Benazir Bhutto says Pervez Musharraf not offering a “level playing-field”.
In the two houses of parliament, Musharraf won 252 of 257 votes, and also won the most votes in three of four provincial assemblies, officials said.
Ahmad told Al Jazeera that there was a good chance the supreme court would not endorse Musharraf’s victory.
Musharraf has been in conflict with the supreme court since he attempted to sack Iftikhar Muhammad Chaudhry, the chief justice.
Earlier, anti-government protests, led by lawyers, who have spearheaded a campaign against Musharraf in recent months, took place in Karachi, Lahore, Peshawar and Quetta.
|Musharraf appealed to Pakistanis in
a televised address [AFP]
Police fired tear gas to disperse lawyers pelting rocks at the North West Frontier Province assembly, and the lawyers also threw a burning effigy of the president on top of an armoured police vehicle.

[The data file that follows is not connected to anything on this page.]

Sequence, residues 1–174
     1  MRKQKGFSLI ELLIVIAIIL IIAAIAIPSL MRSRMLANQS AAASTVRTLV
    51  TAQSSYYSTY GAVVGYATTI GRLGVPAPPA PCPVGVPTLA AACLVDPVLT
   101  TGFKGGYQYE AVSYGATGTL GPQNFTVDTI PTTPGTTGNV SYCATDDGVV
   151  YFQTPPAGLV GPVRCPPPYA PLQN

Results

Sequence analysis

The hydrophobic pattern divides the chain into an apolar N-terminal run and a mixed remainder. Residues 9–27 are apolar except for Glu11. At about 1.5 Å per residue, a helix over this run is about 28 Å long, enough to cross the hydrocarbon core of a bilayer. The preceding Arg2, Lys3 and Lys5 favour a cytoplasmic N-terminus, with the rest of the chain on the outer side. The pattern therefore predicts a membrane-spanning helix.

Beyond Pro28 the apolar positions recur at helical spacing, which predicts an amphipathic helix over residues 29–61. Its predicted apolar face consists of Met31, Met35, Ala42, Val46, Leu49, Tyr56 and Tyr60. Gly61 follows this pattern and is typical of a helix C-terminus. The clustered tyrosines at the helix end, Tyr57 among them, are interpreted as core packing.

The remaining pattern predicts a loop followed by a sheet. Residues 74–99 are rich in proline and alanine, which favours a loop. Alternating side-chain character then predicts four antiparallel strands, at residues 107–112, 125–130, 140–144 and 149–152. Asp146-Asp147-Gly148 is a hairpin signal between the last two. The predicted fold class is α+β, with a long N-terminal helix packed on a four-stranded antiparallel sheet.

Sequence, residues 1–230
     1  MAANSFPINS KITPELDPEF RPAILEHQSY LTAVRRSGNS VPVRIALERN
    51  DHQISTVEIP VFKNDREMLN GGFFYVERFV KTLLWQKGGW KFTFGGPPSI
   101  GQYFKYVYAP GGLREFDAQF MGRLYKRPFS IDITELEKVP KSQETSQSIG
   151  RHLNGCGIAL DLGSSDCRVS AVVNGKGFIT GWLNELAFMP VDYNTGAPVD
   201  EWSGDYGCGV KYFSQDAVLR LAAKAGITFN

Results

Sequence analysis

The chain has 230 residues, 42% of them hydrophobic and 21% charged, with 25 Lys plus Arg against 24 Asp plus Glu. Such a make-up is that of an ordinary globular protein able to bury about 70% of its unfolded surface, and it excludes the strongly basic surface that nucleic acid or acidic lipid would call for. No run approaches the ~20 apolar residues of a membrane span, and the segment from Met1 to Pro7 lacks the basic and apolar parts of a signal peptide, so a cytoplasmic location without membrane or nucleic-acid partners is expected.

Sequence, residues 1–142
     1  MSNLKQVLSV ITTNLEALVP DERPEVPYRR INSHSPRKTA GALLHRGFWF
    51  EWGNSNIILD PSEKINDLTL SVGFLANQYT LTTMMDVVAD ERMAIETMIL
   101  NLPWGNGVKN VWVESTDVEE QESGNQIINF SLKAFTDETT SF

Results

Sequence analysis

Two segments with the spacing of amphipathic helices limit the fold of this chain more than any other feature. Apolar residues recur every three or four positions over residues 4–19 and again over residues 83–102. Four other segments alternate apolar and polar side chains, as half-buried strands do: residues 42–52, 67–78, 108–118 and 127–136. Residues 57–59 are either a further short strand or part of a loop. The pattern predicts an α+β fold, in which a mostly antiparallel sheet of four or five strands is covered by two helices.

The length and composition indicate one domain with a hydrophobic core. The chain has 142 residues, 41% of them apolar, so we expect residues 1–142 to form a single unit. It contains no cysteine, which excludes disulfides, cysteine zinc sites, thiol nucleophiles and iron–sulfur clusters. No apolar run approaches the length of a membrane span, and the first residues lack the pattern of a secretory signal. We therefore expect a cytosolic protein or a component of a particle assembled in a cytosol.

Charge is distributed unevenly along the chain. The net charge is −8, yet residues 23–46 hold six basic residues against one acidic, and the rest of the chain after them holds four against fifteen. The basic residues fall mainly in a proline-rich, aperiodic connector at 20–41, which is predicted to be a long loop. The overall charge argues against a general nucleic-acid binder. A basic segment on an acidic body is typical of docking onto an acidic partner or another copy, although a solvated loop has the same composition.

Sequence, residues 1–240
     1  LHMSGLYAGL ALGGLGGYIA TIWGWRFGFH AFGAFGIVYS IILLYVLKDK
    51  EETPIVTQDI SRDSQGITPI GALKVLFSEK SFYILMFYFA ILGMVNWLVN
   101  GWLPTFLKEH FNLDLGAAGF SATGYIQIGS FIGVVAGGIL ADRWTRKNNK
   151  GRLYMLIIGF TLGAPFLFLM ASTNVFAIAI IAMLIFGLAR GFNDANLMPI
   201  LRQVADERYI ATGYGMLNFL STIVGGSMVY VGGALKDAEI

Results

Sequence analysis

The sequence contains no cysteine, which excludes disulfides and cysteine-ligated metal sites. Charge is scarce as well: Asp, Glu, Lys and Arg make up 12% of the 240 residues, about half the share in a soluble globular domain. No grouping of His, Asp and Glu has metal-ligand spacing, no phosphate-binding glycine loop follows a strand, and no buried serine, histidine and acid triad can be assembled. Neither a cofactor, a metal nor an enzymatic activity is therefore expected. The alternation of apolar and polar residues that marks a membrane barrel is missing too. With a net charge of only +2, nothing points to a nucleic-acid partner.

Before election officials announced the result, Wajiha Mehdi, a lawyer and associate of Chaudhry, told Al Jazeera she believed that any win for Musharraf would be unconstitutional.
“The people of Pakistan are now going to speak. They have had enough.”
However, Amir said it was unlikely that the supreme court would overturn Musharraf’s victory.
If his re-election is confirmed, the president has promised to leave his position as head of the army by November 15 and be sworn in as a civilian leader.
“Pakistan needs a military leader who can control both civil and possible military extremism”
Creative_person01, Islamabad, Pakistan
Opposition parties have vowed to stage protests over Musharraf’s decision not to step down from his army post ahead of the election.
But Musharraf had averted a walk-out by Bhutto’s PPP by granting her amnesty from corruption charges, paving the way for a power-sharing deal between the two politicians.